• By Dorrie 16th Apr 08, 6:25 AM
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    • #5
    • 16th Apr 08, 6:25 AM
    • #5
    • 16th Apr 08, 6:25 AM
    No - it's morally wrong. You have agreed a price and should stick to it, unless there was something wrong with the property that had been discovered in the survey.
    • mossy
    • By mossy 16th Apr 08, 6:28 AM
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    • #6
    • 16th Apr 08, 6:28 AM
    • #6
    • 16th Apr 08, 6:28 AM
    Absolutely no! I think it would be really wrong to do that.....maybe I'm particularly sensitive about it because I've sold my house and currently waiting for a completion date.
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    • skylight
    • By skylight 16th Apr 08, 6:30 AM
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    • #7
    • 16th Apr 08, 6:30 AM
    • #7
    • 16th Apr 08, 6:30 AM
    You can but ask. Are you really prepared to pull out if you do not get the discount? The worst the seller can say is no and pull out themselves.
    • brightonman123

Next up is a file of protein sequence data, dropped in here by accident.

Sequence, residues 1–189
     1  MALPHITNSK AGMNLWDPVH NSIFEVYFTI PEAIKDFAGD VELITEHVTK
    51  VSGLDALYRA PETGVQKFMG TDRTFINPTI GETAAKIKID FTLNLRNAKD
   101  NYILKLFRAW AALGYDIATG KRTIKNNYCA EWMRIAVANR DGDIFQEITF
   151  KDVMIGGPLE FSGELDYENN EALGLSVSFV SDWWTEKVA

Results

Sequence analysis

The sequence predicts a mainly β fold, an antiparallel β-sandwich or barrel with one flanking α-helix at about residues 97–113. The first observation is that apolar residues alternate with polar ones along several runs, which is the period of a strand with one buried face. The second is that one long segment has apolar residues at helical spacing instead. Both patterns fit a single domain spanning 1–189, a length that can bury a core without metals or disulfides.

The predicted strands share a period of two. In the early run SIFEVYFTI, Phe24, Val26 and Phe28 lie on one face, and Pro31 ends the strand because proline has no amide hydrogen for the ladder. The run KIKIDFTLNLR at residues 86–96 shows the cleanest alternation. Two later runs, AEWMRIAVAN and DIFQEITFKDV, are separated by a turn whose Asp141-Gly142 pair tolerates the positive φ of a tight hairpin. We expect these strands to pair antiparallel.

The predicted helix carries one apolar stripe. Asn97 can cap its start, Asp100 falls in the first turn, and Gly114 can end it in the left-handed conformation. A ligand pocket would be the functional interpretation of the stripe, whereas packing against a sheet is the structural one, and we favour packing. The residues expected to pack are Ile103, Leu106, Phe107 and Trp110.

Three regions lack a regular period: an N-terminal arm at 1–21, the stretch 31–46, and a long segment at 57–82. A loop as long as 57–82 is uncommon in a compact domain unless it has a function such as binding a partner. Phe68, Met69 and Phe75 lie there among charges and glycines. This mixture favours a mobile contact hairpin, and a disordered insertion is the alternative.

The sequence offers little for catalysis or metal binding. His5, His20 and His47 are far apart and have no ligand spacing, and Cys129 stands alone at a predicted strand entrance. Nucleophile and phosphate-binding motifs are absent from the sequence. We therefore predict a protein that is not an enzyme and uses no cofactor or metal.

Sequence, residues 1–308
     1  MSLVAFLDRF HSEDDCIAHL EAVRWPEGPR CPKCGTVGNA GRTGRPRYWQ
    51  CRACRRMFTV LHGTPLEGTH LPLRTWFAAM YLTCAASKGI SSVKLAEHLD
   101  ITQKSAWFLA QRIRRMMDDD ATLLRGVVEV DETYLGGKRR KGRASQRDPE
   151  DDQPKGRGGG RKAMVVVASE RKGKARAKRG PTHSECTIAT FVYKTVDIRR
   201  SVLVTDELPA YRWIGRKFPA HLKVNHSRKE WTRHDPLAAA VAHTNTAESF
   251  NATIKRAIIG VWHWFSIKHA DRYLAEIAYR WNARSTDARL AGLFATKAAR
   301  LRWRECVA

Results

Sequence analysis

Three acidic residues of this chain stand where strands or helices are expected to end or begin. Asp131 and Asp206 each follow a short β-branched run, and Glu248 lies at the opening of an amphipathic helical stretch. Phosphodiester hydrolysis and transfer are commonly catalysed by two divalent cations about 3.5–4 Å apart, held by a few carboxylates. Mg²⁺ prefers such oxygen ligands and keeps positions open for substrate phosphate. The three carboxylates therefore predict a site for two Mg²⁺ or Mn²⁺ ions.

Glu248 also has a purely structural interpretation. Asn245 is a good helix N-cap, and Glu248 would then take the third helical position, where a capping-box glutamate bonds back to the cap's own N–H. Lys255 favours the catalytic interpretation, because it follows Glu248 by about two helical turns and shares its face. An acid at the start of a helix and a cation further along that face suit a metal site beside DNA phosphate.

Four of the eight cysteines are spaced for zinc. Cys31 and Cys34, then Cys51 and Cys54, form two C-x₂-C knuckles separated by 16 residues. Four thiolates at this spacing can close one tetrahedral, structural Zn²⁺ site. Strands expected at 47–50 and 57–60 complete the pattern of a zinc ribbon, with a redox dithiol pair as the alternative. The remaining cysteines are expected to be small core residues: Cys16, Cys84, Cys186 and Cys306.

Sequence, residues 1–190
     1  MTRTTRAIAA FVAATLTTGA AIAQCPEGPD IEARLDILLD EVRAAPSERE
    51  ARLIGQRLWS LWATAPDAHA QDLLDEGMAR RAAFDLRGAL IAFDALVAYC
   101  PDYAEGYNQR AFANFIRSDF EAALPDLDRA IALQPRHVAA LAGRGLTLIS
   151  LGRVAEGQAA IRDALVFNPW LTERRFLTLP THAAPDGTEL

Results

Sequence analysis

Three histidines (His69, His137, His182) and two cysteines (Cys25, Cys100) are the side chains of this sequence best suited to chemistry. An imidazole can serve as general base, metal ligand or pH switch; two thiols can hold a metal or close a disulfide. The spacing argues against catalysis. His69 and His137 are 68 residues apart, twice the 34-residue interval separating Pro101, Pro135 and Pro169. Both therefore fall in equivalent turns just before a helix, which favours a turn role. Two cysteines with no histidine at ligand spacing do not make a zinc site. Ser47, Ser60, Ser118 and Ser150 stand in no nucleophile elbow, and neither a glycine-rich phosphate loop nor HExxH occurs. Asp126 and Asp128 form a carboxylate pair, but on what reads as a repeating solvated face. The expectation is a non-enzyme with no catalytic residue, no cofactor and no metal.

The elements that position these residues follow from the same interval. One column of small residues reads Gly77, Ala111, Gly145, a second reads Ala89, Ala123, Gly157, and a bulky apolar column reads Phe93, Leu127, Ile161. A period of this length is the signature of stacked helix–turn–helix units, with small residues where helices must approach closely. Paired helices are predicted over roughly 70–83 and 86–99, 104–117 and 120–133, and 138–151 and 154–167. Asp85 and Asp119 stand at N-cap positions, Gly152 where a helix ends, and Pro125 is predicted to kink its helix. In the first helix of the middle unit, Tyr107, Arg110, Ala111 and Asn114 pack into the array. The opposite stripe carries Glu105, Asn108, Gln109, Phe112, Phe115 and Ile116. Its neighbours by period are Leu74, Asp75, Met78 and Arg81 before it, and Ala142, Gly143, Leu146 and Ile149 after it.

• By brightonman123 16th Apr 08, 6:58 AM
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    • #8
    • 16th Apr 08, 6:58 AM
    • #8
    • 16th Apr 08, 6:58 AM
    that far in, i would expect everyone to have agreed a price, exchanged contracts etc. any fannying about now would be BAD news.

    anyway, wouldn't your mortgage have to be redone, for a new figure? delays to the chain may incur charges to other buyers, and get you in trouble.
  • brownbake
    • #9
    • 16th Apr 08, 7:06 AM
    • #9
    • 16th Apr 08, 7:06 AM
    This is exactly the reason why buying and selling properties is such a frustration and why chains collapse!! If the chain is reliant on you being the last link you are going to annoy a lot of people. 10% is quite a big drop in 6months I guess it depends how much you love the property / area. I think the English market should be like the Scottish to avoid gazumping and this shoddy practice. Then again I don't understand why the Scots are so heavily subsidised in healthcare and Education!!
  • Chrisp
    I believe that if you've paid 10% of the asking price when you sign the contract you can't demand a price drop. If that's right and you're selling it would be wise to always demand the 10% deposit and be on your guard if anyone can't pay that amount.